Comparison of methods for final height assessment in adolescents with a normal variant short stature
Palavras-chave:short stature, final height, bone age
Introduction: patients with low stature normal variant growth have peculiar evolutionary patterns making it difficult to precisely define when final stature will be reached, since prediction methods are based on parameters of difficult quantification, such as bone age.
Objective: To assess the agreement between two methods for prediction of final height based on family target range regarding the final height reached by adolescents with a diagnosis of normal variant short stature.
Methods: Thirty-three subjects were evaluated using height of parents for the calculation of family target range and Bayley-Pinneau and Tanner-Whitehouse methods for prediction of final height. Spearman correlation coefficient was calculated to correlate final height with the mean of the family target range, and the St. Laurent concordance coefficient was used to assess concordance between final stature and predictive methods.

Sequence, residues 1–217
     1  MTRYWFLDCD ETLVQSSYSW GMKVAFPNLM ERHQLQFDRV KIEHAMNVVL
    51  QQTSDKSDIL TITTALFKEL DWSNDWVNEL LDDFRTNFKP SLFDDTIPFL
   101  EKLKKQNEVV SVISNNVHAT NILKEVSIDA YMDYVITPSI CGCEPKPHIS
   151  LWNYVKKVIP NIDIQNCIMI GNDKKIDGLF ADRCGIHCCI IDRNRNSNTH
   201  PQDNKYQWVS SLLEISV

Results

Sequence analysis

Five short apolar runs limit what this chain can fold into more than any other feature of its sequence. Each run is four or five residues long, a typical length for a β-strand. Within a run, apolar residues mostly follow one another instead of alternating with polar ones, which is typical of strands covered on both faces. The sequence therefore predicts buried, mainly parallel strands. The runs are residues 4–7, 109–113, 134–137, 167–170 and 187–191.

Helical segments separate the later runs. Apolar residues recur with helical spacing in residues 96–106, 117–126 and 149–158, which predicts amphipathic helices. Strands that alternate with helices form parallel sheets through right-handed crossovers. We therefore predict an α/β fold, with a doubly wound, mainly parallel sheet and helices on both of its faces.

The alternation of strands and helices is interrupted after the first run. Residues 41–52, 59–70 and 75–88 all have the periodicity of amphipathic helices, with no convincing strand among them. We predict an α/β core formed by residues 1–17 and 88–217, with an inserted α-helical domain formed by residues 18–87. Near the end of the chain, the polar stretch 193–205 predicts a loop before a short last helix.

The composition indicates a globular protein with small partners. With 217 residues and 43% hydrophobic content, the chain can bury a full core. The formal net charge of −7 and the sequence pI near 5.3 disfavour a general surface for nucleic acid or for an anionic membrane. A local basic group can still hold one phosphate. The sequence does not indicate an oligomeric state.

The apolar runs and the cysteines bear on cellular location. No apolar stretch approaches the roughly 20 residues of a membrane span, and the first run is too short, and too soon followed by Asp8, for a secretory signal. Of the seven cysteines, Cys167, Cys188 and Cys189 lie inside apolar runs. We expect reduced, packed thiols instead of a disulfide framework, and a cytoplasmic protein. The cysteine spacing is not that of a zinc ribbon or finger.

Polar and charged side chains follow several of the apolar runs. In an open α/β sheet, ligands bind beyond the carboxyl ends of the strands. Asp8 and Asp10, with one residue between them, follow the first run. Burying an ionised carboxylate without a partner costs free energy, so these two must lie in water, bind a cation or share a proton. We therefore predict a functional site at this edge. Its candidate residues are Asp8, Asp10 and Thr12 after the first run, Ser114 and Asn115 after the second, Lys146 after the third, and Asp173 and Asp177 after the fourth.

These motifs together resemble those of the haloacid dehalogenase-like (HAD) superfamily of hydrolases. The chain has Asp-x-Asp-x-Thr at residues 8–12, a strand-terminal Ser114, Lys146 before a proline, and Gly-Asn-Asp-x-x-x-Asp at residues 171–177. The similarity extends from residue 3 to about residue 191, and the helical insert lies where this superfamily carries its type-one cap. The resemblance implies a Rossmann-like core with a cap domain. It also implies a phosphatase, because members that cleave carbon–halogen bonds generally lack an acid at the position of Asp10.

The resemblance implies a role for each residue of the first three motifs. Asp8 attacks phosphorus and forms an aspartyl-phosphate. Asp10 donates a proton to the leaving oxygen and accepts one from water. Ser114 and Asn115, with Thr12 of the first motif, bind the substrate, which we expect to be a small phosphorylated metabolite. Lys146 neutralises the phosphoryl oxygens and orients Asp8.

Results: 87.9% (29/33) subjects kept short stature at the end of growth and 90.9% (30/33) had a final height within family target range. A very strong positive correlation (Cs = 0.77; p < 0.01) was observed between parental mean and final height. Bayley-Pinneau method showed a 0.47 concordance coefficient with final height (95% CI: 0.34; 0.57), and Tanner-Whitehouse 3 method showed a concordance coefficient of 0.58 (95% CI: 0.41; 0.75).
Conclusion: The strong positive correlation observed demonstrates the significant influence of parental height on final height. Neither method showed good concordance when used as a predictor of final height, with height values being overestimated.
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